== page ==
Barbara Finlinson @bubblestweets
The office is cluttered, there are papers strewn across the desk in piles and bags, even a few wadded-up pieces on the floor, but Dr. Phil Gordon has a relaxed smile on his face. With a giggle and a devious look in his eye he leans in as if to share a dirty little secret. “I’m on a mission from God to teach the Mormons to be liberal, and I’m succeeding!”
He almost comes across as joking, but his statement has an air of seriousness. He’s not kidding. Gordon has the uncanny ability to speak to a classroom full of conservative Mormon students, tell them their beliefs are wrong, make everyone laugh and no one is offended.
“They’re nice people. They’re just misguided.” Gordon says. “Their ideas are my enemies. The people aren’t.”
And Professor Gordon’s ideas are radically different than the majority of the students he teaches.
“I always was a political-progressive, radical liberal. Even as a kid, I didn’t like saying the Pledge of Allegiance.” His easy smile fades and his demeanor changes. It is a complete transformation. He has gone from easy-going to matter-of-fact serious in a heartbeat. “There’s something ugly about it to me. It feels like Fascism.”
And these ideas are genuinely his. He claims nobody taught him how to think or forced their opinions on him. “I just remember being a kid and being critical.”
Gordon grew up reading comic books and watching movies. When he speaks of it, he becomes almost child-like in his excitement. “I absolutely love American pop culture.” This seems to have been the avenue that led him to a career as professor at Utah Valley University teaching classes on the subject.
He didn’t always know he wanted to be a teacher and he struggled with different career possibilities for years. When he attended college he fell in love with academia and knew he had found what he was looking for.
“I felt a connection. I loved it. I just thought the professors were so smart and it was such an interesting place. I loved hearing all of the ideas and the debate and argument and the freedom of it. You could say anything.”
Through years of trial and error, Gordon was finally able to decide on a degree path.
“I was pre-med then pre-law and then creative writing. I took classes that interested me and I inadvertently discovered communication.”
One man had a lot to do with Gordon’s academic transformation. Larry Grossberg was one of his professors. Grossberg was recently nominated for “Mentor Award for Lifetime Achievement” at the University of North Carolina. Gordon wrote a letter to the deciding committee on his behalf. In the letter, Gordon wrote: “On the first day of the first class I took from him, he gave an extraordinary lecture. It unlocked my mind as surely as you turn a key in a smooth, deadbolt lock—“click”—and everything was changed.”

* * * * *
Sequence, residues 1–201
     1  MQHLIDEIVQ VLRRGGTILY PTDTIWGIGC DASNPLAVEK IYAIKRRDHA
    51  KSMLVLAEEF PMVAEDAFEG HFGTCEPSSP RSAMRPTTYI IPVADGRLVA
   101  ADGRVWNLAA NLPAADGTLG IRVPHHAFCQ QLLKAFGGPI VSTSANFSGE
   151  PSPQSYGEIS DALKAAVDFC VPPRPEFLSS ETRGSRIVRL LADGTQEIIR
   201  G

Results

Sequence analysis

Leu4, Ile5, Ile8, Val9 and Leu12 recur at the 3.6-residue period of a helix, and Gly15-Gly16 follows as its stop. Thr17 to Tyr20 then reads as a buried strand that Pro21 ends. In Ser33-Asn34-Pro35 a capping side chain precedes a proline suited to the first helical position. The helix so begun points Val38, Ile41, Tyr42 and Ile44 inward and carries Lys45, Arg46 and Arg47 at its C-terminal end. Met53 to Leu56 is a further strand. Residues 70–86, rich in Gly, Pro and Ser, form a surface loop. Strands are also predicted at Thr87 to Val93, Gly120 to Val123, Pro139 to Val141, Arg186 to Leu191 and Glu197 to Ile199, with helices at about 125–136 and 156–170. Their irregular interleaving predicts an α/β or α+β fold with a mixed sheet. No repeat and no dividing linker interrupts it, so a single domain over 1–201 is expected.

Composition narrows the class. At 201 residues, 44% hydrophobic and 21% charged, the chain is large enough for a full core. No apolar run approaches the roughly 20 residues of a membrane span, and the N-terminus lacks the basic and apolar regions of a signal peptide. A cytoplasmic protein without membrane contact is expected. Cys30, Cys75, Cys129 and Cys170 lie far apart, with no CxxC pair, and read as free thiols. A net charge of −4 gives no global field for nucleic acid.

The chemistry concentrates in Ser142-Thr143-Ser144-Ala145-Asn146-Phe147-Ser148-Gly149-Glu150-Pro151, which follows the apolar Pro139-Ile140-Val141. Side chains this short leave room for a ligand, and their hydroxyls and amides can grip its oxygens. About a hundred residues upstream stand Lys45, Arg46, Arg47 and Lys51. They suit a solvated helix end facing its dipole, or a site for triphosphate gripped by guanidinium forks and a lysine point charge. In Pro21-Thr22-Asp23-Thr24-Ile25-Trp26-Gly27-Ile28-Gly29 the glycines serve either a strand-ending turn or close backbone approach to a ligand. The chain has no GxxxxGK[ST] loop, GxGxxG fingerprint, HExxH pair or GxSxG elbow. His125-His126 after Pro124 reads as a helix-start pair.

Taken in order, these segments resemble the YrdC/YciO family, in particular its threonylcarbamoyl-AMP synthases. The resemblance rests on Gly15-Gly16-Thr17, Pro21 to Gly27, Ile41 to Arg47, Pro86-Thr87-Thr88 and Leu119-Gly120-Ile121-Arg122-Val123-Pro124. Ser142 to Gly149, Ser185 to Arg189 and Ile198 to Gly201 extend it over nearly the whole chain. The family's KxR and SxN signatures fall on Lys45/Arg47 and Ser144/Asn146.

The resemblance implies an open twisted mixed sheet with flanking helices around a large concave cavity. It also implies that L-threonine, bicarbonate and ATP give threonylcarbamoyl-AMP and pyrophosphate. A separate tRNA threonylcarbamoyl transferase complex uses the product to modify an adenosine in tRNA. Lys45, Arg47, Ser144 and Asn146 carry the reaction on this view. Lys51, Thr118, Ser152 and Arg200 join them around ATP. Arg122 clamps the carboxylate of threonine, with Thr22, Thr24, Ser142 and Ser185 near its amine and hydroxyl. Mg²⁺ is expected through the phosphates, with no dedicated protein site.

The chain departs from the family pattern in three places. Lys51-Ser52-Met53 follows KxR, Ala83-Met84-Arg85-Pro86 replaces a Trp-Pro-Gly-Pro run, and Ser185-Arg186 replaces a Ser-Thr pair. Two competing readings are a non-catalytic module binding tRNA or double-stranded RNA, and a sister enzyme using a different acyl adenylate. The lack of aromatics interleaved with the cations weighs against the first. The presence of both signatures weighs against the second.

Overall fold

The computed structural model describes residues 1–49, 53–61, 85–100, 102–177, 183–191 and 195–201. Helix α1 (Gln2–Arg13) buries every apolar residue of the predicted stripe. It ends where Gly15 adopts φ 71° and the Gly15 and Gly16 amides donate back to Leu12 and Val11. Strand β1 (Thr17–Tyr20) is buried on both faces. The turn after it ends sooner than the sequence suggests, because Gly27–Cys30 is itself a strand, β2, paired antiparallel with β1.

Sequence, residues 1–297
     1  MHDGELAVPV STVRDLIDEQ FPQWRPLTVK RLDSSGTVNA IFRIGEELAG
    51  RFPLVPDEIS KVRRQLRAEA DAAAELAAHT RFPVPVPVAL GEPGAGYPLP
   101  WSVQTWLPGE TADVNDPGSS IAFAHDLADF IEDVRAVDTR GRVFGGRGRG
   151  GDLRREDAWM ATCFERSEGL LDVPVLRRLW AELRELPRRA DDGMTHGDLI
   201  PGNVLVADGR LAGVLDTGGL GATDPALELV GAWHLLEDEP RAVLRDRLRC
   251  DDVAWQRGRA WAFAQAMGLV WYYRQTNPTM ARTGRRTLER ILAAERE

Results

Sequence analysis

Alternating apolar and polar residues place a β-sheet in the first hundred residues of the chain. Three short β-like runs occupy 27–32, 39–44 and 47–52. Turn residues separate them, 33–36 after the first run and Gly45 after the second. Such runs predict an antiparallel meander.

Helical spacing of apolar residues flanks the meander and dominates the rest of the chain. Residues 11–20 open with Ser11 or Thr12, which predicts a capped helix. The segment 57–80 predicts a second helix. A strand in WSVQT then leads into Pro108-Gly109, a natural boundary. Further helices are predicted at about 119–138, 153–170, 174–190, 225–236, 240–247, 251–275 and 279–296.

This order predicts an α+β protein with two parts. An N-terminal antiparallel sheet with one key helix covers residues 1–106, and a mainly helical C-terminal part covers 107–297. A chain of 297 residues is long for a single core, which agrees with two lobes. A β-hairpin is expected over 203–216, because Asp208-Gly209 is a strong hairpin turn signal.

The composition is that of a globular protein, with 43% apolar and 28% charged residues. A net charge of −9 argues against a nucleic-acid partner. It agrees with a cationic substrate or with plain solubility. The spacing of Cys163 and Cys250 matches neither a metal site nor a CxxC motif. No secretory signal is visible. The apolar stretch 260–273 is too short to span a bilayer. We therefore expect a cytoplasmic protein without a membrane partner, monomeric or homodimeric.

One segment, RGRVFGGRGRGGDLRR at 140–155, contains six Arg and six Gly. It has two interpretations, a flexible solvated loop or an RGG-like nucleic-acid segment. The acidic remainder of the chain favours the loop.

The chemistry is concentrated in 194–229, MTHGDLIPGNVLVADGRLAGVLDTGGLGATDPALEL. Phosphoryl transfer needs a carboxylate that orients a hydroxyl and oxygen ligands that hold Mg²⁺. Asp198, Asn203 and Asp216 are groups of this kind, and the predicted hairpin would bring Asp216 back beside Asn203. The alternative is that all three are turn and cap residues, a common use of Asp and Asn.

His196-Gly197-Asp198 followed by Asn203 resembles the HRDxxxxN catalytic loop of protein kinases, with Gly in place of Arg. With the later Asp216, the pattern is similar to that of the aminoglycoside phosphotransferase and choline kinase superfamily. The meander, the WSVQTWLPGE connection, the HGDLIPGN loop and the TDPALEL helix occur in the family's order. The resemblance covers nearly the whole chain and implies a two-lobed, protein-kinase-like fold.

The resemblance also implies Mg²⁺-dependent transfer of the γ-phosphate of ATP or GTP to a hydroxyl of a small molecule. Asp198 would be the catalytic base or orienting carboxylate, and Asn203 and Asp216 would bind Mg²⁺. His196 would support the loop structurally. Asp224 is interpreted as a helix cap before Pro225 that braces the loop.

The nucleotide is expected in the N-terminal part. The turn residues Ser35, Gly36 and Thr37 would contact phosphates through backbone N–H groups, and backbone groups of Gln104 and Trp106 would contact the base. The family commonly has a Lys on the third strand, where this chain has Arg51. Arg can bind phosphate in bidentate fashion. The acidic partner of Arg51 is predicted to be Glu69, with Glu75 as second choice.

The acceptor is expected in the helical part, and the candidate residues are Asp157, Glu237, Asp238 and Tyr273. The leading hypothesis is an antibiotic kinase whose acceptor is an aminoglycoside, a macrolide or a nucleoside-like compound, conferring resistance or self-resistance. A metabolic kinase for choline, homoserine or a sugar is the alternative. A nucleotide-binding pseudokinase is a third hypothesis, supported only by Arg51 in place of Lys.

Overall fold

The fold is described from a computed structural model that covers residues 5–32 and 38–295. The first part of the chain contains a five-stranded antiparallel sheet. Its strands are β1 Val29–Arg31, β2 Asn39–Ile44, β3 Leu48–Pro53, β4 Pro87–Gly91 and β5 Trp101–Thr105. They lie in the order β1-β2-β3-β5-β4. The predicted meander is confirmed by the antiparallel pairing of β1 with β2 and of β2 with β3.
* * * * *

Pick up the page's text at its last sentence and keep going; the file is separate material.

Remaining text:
Phil Gordon is comfortable in his job and in his skin. He is relaxed and it shows; but this ease and relaxation did not come free. It is a trophy awarded to him for the countless hours of work and dedication during his earlier years.
“It was so hard in my 20s and 30s. I just remember working, and working and working. I worked myself to death.”
Writing his dissertation nearly killed him and he’s not sure if he would do it again. “Maybe I should have just gone somewhere and taught English as a second language.”
Ultimately, that life would not have satisfied Professor Gordon. He lives for the debate with his communication students. In the classroom, his goal is to create a safe environment for students to express their ideas. “I get away with what I do by respecting the opinions and freedoms of my students,” Gordon said. However, he readily admits that his students are now “more open-minded” and there “isn’t as much debate going on.”
“It’s definitely less exciting, but that’s a good thing” he says. “It was a little too exciting for a while.” He is referring back to the fiery controversy caused by Michael Moore coming to speak at UVU in October 2004.
“There was hatred and anger in the halls. Things have definitely changed.”
Maybe it’s a different time in the world or maybe Gordon really is winning his fight with Conservatism. “The Mormons are way more liberal than they were 15 years ago when I got here; mostly because of me.” He smiles that quirky smile again, leans back in his chair, props his feet up on the desk and chuckles. “An Oscar Wilde quote comes to mind: ‘If you want to tell people the truth, make them laugh, otherwise they’ll kill you.’”
It’s clear that Professor Gordon cares about his students, no matter what they believe. “Life is beautiful. Follow your dreams.”